Time to Dust Off Your Ice Tackle
by Marianne Conrad
While on my way to work this morning, I caught a glimpse of a small pond I have
frequented over the years. Fishing the pond both during the summer and winter months has
brought me endless hours of entertainment and it was my hope that I would be spending time
jigging through the ice some time soon. I noticed on this morning that the pond was
finally developing first ice of the season and even though the ice cover is not quite firm
enough to support my weight, it did begin me thinking about readying my ice fishing tackle
so all would be ready as the ice hardens.
First to be considered are my tip-ups. I will begin by closely examining
all the mechanical parts like spools, springs, wing nut, etc...I will clean
up, repair or replace anything that is not functioning smoothly. Next I will check
the flag steel for rust or kinks and as for the flags, I will make note of any that will
also need replacing. It is at this point that I will begin to develop a shopping
list and include the number of tip-ups I will need to purchase as some of my older traps
will be beyond refurbishment of any sort.
Next I will check the condition of the dacron line I use to fill my tip-up
spools. As it is not necessary to change the line every season, some of my spools will
contain line that may be several seasons old. These will definitely need to be changed as
over time the materials that make up the line will begin to breakdown and compromise the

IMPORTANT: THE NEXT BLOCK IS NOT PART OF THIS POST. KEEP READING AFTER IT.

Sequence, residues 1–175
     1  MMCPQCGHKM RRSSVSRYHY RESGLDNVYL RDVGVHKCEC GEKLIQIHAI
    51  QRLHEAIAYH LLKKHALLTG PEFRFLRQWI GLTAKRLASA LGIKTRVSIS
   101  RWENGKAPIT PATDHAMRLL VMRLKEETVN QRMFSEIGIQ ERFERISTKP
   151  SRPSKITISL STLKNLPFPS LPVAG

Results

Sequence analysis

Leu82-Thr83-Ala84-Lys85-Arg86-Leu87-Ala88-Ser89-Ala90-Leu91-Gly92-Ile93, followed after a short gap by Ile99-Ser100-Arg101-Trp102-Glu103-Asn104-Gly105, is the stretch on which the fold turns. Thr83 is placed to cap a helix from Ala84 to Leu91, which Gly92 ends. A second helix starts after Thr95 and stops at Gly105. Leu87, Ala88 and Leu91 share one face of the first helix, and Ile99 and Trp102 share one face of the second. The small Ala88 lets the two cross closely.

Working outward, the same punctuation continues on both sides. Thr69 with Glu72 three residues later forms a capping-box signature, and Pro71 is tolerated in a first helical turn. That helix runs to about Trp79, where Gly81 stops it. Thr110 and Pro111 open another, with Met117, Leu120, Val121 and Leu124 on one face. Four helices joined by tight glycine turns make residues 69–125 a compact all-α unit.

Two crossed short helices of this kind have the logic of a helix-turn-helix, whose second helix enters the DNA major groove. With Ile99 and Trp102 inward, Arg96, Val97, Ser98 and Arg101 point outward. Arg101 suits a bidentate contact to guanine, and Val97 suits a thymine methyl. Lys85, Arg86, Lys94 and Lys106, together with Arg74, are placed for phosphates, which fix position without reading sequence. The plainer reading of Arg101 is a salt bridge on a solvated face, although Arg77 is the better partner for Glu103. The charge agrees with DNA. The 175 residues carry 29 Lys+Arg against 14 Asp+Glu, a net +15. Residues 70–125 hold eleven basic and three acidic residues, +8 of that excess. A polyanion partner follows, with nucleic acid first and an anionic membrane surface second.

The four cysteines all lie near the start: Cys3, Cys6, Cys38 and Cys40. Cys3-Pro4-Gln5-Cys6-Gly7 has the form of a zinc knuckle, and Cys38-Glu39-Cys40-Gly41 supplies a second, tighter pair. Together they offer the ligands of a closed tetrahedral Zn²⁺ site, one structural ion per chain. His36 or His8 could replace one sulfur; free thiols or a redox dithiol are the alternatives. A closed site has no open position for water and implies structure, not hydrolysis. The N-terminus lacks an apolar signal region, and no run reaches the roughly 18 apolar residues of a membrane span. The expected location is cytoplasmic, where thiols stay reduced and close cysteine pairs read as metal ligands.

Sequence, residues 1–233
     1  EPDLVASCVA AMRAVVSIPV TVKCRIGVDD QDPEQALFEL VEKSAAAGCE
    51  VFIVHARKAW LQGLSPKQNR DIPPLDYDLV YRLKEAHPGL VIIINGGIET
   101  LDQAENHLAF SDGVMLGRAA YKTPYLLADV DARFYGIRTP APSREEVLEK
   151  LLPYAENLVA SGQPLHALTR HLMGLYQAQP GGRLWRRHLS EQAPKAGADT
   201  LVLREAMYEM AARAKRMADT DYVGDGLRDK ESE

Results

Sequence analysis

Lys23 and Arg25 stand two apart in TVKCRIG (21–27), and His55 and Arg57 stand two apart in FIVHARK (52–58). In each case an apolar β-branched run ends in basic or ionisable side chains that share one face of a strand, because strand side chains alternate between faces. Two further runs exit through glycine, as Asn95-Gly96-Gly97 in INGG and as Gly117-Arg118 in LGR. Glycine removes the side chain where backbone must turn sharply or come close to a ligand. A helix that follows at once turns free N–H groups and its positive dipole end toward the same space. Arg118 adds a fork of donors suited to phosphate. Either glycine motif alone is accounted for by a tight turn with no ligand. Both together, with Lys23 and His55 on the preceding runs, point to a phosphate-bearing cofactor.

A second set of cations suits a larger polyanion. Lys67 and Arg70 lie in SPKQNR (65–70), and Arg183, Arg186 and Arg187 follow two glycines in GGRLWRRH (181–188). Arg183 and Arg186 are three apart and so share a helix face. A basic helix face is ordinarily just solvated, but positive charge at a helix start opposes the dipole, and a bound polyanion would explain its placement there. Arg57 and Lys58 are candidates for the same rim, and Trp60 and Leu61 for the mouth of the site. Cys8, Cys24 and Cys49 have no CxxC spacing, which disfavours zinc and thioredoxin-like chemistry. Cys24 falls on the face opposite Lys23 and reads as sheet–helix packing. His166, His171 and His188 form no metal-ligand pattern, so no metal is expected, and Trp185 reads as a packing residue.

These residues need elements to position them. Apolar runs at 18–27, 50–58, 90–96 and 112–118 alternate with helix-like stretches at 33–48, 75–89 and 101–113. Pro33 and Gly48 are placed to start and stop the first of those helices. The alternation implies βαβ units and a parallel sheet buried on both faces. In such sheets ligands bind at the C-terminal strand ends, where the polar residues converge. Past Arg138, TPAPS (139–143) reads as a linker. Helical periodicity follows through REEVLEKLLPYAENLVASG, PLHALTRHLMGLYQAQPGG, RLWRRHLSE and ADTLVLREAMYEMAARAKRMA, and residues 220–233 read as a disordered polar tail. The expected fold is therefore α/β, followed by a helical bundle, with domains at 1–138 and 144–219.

strength and elasticity needed for very cold water conditions. Here too, I add a couple
of spools of 18 pound test dacron line on my growing shopping list.
After having attended to my tip-ups I will now turn my attention to my ice auger.
Even though my 8 inch knuckle buster is only a few years old, I will still take this time
to examine the blades for any sign of rust, nicks or dull spots and I will freshen
them with a hone if necessary. If by chance you have an auger that is a little 'wear worn'
you may want to consider having the blades sharpened by a professional. Or if they are
beyond the point of no return you can purchase a set of new blades from most area tackle
After filling the spools on my jigging rods and greasing the gears of my reels,
last but not least, I will go through the remaining contents of my ice-fishing tackle box.
As usual, my sounders are in short supply and I will also need to replenish the snelled
hooks in sizes 8, 6 and 4 as well as restocking split shot sinkers and ball bearing
swivels in various sizes. As for jigging lures I can always use more Swedish Pimples and I
will purchase an number of them in size 3 and 4 and the colors I prefer are solid
gold or silver and for a decorative touch I will also need those adorned with red or
chartreuse prism tape. This year I think I will also load up on painted jig heads in
a 1/32 and 1/16 ounce size to which I will rig a few 2 inch Salty Lunker Kalins
grubs. I have never tried this lure presentation through the ice, but this year I plan to
give these grubs a try. After all, the fish in this particular pond happen to love
these lures and just gobble them up during the open water season so why not jig them
through the ice? Since I fish in New Hampshire I will obviously keep in mind the ban
on small lead jigs and weights after january 1, 2000 and will use lead substitutes as
According to the weatherman, this weeks daytime temperatures will remain in the
twenties and the winds will remain calm. Perfect conditions for growing ice so I suspect
it wont be long until my little pond firms up. Now that my gear has been properly
attended to, I will be ready when it comes time once again to walk on water.
"New Hampshire Outdoors" Radio Show
Hosts - Marianne Conrad and Jim Riccardi
- Live on Saturdays from 8am to 9am WSMN AM 1590 in
- Rebroadcast on Friday evenings from 6-7pm WKXL AM
1420 and FM 102.5
|What's your experience with this subject?
|Click here to view other sportsmen's posts